The Finnish Expert Panel for Sustainable Development is a member of the European Environment and Sustainable Development Advisory Councils Network (EEAC), which organised its annual conference and meeting at the beginning of October in Bucharest, Romania.
The main theme of the conference was Sustainable Development Goal (SDG) 16, i.e. peace, the rule of law and building strong institutions.
Katriina Siivonen, Vice-Chair of the Finnish Expert Panel, was elected as Co-Chair of the Network’s Sustainable Development Working Group for the next two-year term 2024-2025. Secretary General Johanna Kentala-Lehtonen represented the Finnish Expert Panel at the event.
Due to the theme of the conference and the current state of the world, the social dimension of sustainable development was particularly high on the conference agenda. Key topics included inclusion of civil society, just transition and fight against inequality. The important themes from the UN Global Report on Sustainable Development (GSDR), published in September, concerning the consideration of the science-policy-society interface and the capacity building of all actors in sustainability issues were also pointed as topics that science advisers should highlight for the decision-makers.
The EU elections next year will have an impact on the EU’s sustainable development policy
In the EU elections next year, scientific advisers on sustainable development are concerned about a possible wavering of the current Commission’s policy, which at worst would slow down or even take steps backwards in the green transition that has progressed rapidly in recent years. Thus, the speakers at the conference stressed the need to pay particular attention to a just transition.
Instead of Green deal 2.0, the forthcoming EU Commission’s policies were called for to have a broader perspective across policy silos; alongside the development of environmental policy, other key EU policies related to the implementation of global sustainable development, from digital policy to the social pillar and discussion on migration, should be included. It would be essential to promote a change of mindset in which problems could be solved together, across administrative branches.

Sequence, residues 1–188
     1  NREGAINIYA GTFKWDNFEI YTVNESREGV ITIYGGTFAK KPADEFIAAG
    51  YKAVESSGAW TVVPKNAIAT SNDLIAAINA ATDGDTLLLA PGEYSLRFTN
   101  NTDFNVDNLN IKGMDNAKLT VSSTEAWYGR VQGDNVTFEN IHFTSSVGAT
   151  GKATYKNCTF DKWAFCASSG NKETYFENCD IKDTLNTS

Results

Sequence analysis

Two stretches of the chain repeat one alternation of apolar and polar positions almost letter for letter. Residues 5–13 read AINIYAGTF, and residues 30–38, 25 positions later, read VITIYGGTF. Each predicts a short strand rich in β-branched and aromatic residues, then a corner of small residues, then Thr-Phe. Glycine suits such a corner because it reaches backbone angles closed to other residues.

Sustainability transition cannot be achieved in the crisis management mode
The conference section on the Future of Sustainable Development highlighted that in recent years, when there has been a continuous crisis situation in Europe – pandemic, war, energy crisis, inflation – solving all problems has become entrenched in some kind of crisis management mode. In it decisions must be made quickly and decision-makers react with a quick mindset without taking the time to assess the impacts of decisions or consider several options.
However, the crisis management model is not optimal for implementing the sustainability transition.
Challenges related to sustainable development – such as climate change, biodiversity loss and increasing inequality among people – are crises, but instead of sudden crises, they are slow, so-called vicious problems, in which rapid solutions and decisions made in the crisis management mode may cause new and larger problems in addition to the old ones. This is why there is a need for a slow administration that investigates impacts, carefully plans changes and transitions, and takes into account fairness issues and the impacts of decisions on different groups of people. This is the only way to build the transition on the basis of public approval.
Naturally, the Finnish representative also paid attention to the fact that Finland was mentioned on both conference days as a good, even excellent example in several discussions – first in the preparation of sustainable development strategies (strategy of the Finnish national Commission on Sustainable Development) and second in consultations of civil society and cooperation between different stakeholders.
However, it is unlikely that the transfer of Finnish good sustainable development practices as such would be easy. In the conference discussion on the future of sustainable development work, it was pointed out that talking about “best practices” and spreading them from one country to another is nonsense, because practices are always cultural and, in addition, the values of society are of great importance to practices. Culture is not changed by exporting best practices; it changes slowly and only as paradigms change. Nor will the values of society be changed by coercion or telling that you have “wrong” values. It is possible to accelerate the change by proposing that society add to its own value base and cultural practices some operating method through which the transition to more sustainable activities would be possible.